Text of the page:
Sermon for Mothering Sunday, March 22nd 2020

Luke 2:33-35  (NRSVACE)

33 And the child’s father and mother were amazed at what was being said about him. 34 Then Simeon blessed them and said to his mother Mary, ‘This child is destined for the falling and the rising of many in Israel, and to be a sign that will be opposed 35 so that the inner thoughts of many will be revealed—and a sword will pierce your own soul too.’

Stabat Mater

 

At the Cross her station keeping,
stood the mournful Mother weeping,
close to her Son to the last.

Through her heart, His sorrow sharing,
all His bitter anguish bearing,
now at length the sword has passed.

O how sad and sore distressed
was that Mother, highly blest,
of the sole-begotten One.

Christ above in torment hangs,
she beneath beholds the pangs
of her dying glorious Son.

 

Before reading this week’s sermon, I ask you to spend some time looking at the image of the Stabat Mater. Spend some time in quiet prayer reflecting on the words from the Gospel and the words of the hymn. Do this again after reading the sermon.

 

In the name of the Father and of the Son and of the Holy Spirit.

 

I really cannot believe that within the space of a week that the world has completely turned itself upside down. I am not going to labour the point of the seriousness of the illness etc. as I think the media is busy terrifying the life out of us all. I firmly believe that part of the vocation of the Church is to offer a message of hope in this uncertain time. I am delighted with the desire among our congregation to serve those in need across our village, and hope and pray we may continue to help our community through prayer and loving service.

Whilst the situation presents us with a great number of difficulties, the one opportunity that is present to us, is to engage with our Lord in prayer. The many distractions of our normal lives are reducing as we are forced to spend more time in our homes. The upshot of this additional time is that we can make space for our Lord in prayer. I whole-heartedly recommend the Church of England’s provision of Daily Prayer (via website and app) which has been a mainstay of my own prayer life since I was a teenager. The fear that I know some of you are feeling at this time is understandable, and so I ask you all to hand your fears over to the Lord who will hold you in his arms and bless you in your suffering.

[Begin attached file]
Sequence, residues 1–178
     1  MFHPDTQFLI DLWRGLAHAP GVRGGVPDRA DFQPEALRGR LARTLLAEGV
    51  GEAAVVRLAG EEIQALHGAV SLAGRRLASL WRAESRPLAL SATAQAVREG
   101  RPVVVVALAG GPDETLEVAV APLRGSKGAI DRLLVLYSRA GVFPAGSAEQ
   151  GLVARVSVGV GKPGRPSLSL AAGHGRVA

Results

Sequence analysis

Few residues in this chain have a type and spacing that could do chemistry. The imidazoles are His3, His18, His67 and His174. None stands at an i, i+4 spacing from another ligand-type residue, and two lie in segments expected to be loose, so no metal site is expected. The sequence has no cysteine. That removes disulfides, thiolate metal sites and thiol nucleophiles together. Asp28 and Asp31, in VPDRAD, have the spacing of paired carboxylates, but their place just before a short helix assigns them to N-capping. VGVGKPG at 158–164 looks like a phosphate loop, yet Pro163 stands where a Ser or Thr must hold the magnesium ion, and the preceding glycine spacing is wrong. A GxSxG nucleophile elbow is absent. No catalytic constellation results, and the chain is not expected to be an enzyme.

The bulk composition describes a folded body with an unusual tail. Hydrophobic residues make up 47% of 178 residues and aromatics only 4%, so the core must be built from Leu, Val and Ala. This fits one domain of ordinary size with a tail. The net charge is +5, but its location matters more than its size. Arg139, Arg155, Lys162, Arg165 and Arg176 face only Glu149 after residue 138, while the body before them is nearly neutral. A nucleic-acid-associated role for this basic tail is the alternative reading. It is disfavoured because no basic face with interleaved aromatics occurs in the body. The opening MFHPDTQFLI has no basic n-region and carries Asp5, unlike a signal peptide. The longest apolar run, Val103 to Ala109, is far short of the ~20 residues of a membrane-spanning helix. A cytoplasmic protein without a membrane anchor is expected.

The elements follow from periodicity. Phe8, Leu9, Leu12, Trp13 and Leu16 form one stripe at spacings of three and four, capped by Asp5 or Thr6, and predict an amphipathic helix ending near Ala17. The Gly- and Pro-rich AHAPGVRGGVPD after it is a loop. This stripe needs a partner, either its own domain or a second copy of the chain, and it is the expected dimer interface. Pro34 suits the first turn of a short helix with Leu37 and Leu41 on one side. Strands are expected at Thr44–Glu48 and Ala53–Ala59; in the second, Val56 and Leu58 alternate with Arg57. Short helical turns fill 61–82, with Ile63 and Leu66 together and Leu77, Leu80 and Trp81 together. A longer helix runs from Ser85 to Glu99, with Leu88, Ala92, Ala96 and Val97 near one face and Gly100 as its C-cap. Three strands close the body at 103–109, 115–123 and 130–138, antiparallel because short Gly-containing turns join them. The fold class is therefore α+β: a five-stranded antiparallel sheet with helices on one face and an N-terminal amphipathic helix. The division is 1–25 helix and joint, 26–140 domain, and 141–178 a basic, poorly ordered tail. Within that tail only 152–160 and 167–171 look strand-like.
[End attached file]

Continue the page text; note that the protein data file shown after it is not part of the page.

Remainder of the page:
As we today remember mothers and all those who care, we look to the example of the Virgin Mary who knew the pain and suffering of watching her son suffering on the cross. All those who have a caring role suffer for their children, that is part and parcel of parenthood, we can look to the Virgin Mother as our pattern of unfailing love in a time of turmoil. We may have very real worries about the safety of our children and what the world will look like for them by the end of this crisis and so we may be feeling the piercing that Mary felt. There is, I think only one thing we can do, and that is to place all our concerns into the open arms of Christ on the cross who bears the pain of the world for us. The image of the Stabat Mater ‘sorrowful mother’ shows this beautifully. Christ on the cross gazes down at his mother showing concern for her. His face portrays something of ‘I am doing this for you and for the whole world’. The Virgin’ eyes are cast down to the ground to the base of the cross, where Christ’s blood is traditionally believed to have run into the earth to put an end to the sin of Adam. We see Christ in his humanity, saving us through his divinity.

I do not know how long we will face these uncertain times, but I know that we can continue to place our hope and trust in God, who will bless us and care for us at this time. The Church remains open, and I am always happy to meet with people in Church for private prayer at the high altar which pews at a suitable, ‘social’ (what bitter irony) distance. Whilst my heart is well and truly pieced by not being able the Holy Sacrament to you at this time, I want to encourage you all to consider Christ’s own actions on the night of his betrayal, and his institution of the sacrament after a meal. It may be something to consider in your own homes with some bread and wine, to mark a memorial of Christ’s glorious death and passion, and his triumph over death.

May almighty God bless you, his angels watch over you and the saints pray for you Amen

In the name of the Father and of the Son and of the Holy Spirit.

 


Printer Printable Version